The received picture of the 1953 British Everest expedition is of a seamless triumph, to make up for the earlier failures of the 1920s and 1930s. Mick Conefrey's groundbreaking new book reveals how far from seamless it actually was.
John Hunt's first summit team of two British climbers failed, partly due to his poor positioning of their final camp. Hillary and Tenzing were the foreign back-up, and were only given their chance because the New Zealander and Sherpa had proved such a formidable load-carrying team on the approach. Tenzing had come close to summiting the mountain in 1952 with the Swiss, and would have been equally happy to have done so with them. Now he was simply finishing the job.
What really made the ascent possible was phenomenal luck with the weather and the reconnaissance work done by Eric Shipton. With his unruly hair and brilliantly written books, Shipton was the most charismatic mountaineer of his generation. When the Himalayan committee dumped him as leader in the most brutal possible way to make way instead for John Hunt, they were signalling a change of attitude.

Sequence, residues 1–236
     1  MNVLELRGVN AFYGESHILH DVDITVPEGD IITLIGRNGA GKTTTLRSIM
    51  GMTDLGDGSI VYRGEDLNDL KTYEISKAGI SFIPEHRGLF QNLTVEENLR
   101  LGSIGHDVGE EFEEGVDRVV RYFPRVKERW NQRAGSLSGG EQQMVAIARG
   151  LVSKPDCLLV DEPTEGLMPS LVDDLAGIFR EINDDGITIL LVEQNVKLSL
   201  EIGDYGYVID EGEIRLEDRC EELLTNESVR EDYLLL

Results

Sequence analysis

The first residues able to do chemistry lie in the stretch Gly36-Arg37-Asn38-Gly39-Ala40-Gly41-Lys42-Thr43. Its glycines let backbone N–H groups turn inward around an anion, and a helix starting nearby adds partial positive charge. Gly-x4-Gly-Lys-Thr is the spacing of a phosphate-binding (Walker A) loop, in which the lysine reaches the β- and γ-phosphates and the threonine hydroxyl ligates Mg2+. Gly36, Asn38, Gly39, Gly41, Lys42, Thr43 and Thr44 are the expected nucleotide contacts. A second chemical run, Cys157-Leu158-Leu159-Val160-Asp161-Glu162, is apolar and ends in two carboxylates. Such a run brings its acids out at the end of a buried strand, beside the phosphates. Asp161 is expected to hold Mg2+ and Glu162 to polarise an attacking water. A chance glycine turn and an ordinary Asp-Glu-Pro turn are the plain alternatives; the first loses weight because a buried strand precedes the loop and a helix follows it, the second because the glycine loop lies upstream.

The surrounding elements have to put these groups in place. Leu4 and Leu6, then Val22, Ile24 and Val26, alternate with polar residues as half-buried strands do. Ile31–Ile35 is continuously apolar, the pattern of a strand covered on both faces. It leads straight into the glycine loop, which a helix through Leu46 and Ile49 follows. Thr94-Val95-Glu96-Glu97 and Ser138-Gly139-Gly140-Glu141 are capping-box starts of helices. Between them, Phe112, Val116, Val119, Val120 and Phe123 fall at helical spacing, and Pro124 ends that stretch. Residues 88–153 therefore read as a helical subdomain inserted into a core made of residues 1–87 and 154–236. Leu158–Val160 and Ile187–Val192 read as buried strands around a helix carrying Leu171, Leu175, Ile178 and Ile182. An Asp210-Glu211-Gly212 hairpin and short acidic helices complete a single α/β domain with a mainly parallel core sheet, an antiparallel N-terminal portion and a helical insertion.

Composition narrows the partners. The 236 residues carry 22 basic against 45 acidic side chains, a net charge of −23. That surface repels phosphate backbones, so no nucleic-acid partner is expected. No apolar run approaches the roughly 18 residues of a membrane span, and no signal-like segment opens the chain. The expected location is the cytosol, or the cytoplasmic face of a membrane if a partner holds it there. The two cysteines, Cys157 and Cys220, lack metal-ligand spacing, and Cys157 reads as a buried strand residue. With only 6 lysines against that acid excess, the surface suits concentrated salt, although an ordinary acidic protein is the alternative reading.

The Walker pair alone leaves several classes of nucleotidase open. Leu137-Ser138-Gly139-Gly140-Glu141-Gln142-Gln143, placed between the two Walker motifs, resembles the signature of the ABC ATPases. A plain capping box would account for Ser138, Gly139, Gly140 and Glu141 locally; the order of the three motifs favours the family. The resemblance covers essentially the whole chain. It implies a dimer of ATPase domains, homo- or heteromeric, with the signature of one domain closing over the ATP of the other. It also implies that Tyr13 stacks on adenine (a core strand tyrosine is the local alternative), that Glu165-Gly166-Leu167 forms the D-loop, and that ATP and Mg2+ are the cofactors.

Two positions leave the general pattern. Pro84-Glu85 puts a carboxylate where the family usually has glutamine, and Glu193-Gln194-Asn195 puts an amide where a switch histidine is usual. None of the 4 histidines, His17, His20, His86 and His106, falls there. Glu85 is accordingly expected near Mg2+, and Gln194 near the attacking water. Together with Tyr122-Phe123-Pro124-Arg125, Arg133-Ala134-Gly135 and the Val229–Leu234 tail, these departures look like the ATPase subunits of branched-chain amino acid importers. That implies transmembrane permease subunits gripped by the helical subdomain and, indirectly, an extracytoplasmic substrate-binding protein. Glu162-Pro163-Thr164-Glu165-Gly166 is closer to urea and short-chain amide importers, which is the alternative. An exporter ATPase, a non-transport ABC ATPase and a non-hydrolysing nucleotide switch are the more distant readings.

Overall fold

Shipton had taken part in most British expeditions to Everest over the previous two decades. It was he who had suggested the successful south-western approach to the mountain; he who recruited both Tenzing and Hillary; and he who led a team in 1951 to establish a tenable route. But he also exemplified a romantic, slightly cavalier approach to the planning of expeditions.
Hunt brought a more military approach. and proved a capable leader who inspired great affection. Everest 1953 is excellent on the emotions that swirled around the expedition. The hero of the story is the modest and down-to-earth Ed Hillary: he pretended they had got there together; in fact, he had been the first man on top of the world.
Conefrey has written a magnificent book that deserves to become the definitive version. We cannot hope for a more human, funny or meticulous account of what was a very British expedition.